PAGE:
Sprinkling a little dried seaweed

Several years ago I visited a wonderful delicatessen where I bought a selection of dried seaweeds. Here is something I wrote shortly after which mentions how I best enjoyed them:

My breakfast most days is a fried egg. I have a small egg-sized pan, it’s non-stick so it only occasionally needs a dribble of oil or a dab of butter. I have been sprinkling a little dried seaweed into the pan before adding the egg, but I’m just about running out. Once the egg is in the pan I add a pinch of salt, a grind of spices which are in a pepper mill so I get a different taste every grind, and while I have it, a sprinkle of the seaweed. I only have half a slice of toast, it’s enough.

I’ve noticed that people eat fried eggs in different ways. I eat the white first with the crusts of the toast and save the yolk to eat last. My dad used to have a whole piece of toast, and then cut up his egg, dash on some salt and white pepper and a slosh of Worcestershire sauce. My husband starts at one side of the toast and works his way through it, quite methodically. Some people cut of the white and leave it to one side and just eat the yolk – and then of course you can fold the toast round the egg and make a sandwich – always a danger of a yolk-squirt!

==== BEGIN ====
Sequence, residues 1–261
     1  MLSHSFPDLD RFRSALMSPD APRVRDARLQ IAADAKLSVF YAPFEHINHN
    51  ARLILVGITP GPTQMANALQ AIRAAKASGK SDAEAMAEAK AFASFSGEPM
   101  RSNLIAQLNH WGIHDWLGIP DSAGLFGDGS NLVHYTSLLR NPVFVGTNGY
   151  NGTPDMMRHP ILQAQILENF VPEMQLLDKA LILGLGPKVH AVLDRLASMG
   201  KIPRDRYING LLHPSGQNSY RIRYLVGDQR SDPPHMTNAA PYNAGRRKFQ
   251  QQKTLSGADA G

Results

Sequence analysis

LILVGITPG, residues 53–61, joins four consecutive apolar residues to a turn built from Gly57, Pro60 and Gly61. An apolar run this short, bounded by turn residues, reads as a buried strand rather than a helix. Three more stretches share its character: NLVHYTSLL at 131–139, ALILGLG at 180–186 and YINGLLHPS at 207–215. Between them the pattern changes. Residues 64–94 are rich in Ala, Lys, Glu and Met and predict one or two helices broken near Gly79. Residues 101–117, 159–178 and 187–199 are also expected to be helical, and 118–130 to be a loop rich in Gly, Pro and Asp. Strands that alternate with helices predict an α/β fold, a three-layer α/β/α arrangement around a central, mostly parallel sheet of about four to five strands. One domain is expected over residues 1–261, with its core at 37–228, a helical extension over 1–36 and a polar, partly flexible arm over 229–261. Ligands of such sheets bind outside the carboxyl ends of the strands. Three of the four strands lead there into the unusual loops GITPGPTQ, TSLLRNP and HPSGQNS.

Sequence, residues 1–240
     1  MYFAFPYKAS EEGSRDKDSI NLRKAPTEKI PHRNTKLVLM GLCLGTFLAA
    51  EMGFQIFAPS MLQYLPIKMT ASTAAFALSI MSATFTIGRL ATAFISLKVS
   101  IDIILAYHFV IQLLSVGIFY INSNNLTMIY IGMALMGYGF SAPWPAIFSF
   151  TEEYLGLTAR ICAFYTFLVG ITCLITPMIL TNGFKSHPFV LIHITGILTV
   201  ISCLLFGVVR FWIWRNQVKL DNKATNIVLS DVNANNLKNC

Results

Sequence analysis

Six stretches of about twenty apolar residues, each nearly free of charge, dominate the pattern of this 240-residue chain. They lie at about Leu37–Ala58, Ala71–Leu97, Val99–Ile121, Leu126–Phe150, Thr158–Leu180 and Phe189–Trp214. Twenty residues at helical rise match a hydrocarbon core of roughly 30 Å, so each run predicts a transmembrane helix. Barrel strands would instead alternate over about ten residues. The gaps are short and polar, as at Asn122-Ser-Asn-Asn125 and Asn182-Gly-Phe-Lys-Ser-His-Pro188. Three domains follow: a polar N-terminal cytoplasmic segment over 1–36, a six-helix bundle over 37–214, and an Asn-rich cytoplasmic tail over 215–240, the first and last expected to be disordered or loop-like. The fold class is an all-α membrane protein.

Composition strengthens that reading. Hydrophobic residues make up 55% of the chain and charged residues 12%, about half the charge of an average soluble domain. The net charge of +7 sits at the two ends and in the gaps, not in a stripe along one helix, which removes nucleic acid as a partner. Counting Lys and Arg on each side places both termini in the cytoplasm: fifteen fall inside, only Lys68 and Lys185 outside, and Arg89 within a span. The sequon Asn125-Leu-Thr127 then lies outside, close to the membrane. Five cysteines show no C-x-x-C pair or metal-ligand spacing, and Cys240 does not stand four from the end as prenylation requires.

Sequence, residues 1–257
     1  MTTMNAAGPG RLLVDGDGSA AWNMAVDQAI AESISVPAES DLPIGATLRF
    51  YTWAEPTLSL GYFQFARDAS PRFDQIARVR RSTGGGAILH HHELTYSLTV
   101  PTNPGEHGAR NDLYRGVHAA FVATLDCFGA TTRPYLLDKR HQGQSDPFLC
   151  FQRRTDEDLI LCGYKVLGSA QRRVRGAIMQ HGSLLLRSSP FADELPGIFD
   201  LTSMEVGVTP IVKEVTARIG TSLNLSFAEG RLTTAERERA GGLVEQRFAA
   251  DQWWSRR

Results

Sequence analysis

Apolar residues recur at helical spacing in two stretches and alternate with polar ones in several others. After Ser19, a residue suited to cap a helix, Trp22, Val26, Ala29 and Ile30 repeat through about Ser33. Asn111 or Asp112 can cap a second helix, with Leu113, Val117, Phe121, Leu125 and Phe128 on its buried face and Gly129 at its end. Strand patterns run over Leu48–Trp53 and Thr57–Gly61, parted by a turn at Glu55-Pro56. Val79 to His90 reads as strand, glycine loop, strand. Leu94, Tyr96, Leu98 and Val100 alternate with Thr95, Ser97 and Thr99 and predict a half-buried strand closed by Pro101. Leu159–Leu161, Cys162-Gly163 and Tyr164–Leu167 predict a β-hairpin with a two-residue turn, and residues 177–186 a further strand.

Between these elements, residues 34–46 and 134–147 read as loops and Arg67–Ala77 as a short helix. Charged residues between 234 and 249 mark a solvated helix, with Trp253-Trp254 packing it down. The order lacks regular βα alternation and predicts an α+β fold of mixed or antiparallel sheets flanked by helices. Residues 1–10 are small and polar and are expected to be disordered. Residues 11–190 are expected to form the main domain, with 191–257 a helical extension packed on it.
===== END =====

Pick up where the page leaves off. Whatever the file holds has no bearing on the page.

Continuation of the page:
Then of course there’s  the way  the egg  is cooked – and again there are different preferences of done-ness. I like a just cooked – but definitely cooked white so it is still soft and not rubbery, and a lovely flowing yolk with just a slight bottom layer of firm. Some people seem to like the whole thing to be solid, and even crispy underneath. There are the perverse people who like it barely cooked so the white is still translucent to the point of runny.

You have to either have a lot of fat in your pan, or an extremely efficient non-stick pan to achieve an over-easy egg – and a lot of skill. We did have a wonderful pan with which I had a lot of success… now I just cook it on one side but watch it like a hawk so it is not overdone.

Here is the way you can achieve a ‘dark, nutritious splendor’:


and here is the difference between over-easy and sunny-side up which I guess is how I like mine – and there are some interesting ideas on what else you can do with your fried egg:


Leave a Reply

Fill in your details below or click an icon to log in:

WordPress.com Logo

You are commenting using your WordPress.com account. Log Out /  Change )

Facebook photo

You are commenting using your Facebook account. Log Out /  Change )

Connecting to %s

This site uses Akismet to reduce spam. Learn how your comment data is processed.